Furthermore, if you wondered if it matters how much you drink, there is indeed a dose relationship between amount of alcohol consumed and blood pressure elevation.
In addition, the Journal of National Medical Association report states that individuals with higher alcohol intake also have a correspondingly high blood pressure reading.
Systolic blood pressure (top number) was shown to be almost always higher than diastolic blood pressure (bottom number). The margin of increase in blood pressure in heavy drinkers was shown to be on average between 5 mm Hg and 10 mm Hg.
Another study published in 2006 in the Clinical and Experimental Pharmacology and Physiology journal painted a gloomy picture concerning the association between alcohol and hypertension.
The peer reviewed study report confirms the elevating effect of alcohol on blood pressure stating that blood pressure goes up by approximately 1 mm Hg for every 10g of alcohol an individual consumes.
The study adds an intriguing angle to what is known about alcohol and high blood pressure.
It mentions that the increase in blood pressure is irregardless of the type of alcoholic beverage one consumes. In other words, according to the study, all alcoholic beverages result in elevated blood pressure.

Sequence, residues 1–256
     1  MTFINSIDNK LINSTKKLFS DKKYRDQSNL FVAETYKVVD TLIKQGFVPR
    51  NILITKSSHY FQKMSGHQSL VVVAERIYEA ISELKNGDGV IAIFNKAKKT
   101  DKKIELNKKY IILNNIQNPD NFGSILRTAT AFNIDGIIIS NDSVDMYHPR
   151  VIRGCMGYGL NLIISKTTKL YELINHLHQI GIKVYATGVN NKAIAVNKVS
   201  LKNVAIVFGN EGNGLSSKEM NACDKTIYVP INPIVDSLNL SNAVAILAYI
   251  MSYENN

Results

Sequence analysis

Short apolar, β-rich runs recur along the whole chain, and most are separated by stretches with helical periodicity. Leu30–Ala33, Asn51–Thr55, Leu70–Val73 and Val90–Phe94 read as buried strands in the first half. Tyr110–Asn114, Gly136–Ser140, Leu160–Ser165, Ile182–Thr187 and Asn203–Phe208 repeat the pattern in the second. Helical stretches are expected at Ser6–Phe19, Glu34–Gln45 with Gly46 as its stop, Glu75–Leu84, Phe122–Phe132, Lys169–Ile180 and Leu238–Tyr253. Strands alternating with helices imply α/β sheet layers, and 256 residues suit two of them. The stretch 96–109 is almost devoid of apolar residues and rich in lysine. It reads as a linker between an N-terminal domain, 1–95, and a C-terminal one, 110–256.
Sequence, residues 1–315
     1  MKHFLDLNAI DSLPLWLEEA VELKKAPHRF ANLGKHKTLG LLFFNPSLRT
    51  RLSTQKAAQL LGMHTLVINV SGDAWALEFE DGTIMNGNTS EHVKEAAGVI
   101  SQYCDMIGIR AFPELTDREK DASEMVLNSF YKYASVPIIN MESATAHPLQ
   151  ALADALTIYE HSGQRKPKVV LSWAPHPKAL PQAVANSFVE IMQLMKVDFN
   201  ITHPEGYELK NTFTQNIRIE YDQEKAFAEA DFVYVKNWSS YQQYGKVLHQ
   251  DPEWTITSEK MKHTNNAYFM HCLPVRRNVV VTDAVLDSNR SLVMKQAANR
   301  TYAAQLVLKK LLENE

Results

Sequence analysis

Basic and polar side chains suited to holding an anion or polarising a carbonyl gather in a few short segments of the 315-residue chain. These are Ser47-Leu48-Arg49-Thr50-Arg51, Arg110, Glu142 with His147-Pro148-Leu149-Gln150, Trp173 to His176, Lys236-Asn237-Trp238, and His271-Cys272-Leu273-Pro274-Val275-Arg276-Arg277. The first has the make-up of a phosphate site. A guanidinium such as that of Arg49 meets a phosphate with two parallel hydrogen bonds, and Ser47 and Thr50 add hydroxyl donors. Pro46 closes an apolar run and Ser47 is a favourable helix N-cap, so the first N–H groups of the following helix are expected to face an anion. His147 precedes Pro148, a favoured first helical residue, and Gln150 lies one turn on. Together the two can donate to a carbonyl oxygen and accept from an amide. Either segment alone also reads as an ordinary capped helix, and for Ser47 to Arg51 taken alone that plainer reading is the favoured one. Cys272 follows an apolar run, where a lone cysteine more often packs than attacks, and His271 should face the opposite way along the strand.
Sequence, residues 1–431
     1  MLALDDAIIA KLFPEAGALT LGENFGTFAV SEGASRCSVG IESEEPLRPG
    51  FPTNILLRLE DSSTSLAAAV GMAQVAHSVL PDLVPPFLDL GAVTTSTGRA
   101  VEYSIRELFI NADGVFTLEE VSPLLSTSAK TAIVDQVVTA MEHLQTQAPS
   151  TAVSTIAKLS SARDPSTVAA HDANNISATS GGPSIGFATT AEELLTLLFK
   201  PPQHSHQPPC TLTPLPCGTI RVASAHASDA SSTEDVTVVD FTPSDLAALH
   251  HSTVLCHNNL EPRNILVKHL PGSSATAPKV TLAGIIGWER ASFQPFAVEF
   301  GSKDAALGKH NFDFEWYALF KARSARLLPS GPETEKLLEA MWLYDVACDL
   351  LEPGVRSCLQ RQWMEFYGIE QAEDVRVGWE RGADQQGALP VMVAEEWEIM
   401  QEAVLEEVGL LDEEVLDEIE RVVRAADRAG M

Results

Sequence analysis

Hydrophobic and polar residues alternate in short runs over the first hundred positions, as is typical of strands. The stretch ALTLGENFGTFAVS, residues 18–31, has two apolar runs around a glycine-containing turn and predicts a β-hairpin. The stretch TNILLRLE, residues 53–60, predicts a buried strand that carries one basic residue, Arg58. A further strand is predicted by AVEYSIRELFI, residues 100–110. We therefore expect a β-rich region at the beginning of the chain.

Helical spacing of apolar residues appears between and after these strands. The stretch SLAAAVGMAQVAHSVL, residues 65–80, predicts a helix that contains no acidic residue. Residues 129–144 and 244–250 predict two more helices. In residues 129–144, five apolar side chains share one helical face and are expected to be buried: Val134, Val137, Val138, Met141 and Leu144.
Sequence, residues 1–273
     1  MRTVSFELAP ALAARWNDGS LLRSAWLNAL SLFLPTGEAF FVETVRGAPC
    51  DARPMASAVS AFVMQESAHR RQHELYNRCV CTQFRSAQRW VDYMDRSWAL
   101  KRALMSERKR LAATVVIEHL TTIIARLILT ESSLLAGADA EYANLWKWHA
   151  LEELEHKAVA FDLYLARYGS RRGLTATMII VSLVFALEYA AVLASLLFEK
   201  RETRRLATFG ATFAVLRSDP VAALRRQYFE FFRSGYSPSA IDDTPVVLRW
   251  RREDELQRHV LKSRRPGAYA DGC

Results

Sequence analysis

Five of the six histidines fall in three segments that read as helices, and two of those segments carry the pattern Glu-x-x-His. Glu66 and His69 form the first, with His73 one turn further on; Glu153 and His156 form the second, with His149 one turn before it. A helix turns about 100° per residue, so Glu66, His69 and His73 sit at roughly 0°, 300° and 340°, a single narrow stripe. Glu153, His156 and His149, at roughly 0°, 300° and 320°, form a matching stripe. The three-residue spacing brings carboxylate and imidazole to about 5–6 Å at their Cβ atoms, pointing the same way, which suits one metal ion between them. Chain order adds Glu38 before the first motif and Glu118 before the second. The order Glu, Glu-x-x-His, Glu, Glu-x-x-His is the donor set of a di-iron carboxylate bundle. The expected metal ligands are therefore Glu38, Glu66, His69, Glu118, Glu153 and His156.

This questions what has been argued that red wine, for example, could be beneficial to lowering blood pressure.
In this regard, the researchers who produced the report worry that the proposed positive effects on blood pressure of vasodilator flavonoid components found in red wine have not been a product of studies seeking to reverse blood pressure using red wine, which would be the real test.
The investigation however notes that blood pressure elevation caused by alcohol is reversible within 2 to 4 weeks of stopping drinking or drastically cutting back on the amount of alcohol consumed.
This assumes no permanent blood pressure increase would have been induced due to repeated alcohol abuse over a period of time.
While its been established, scientifically, for several years now that alcohol does indeed cause blood pressure to rise, how this actually happens is a natural questions to ask.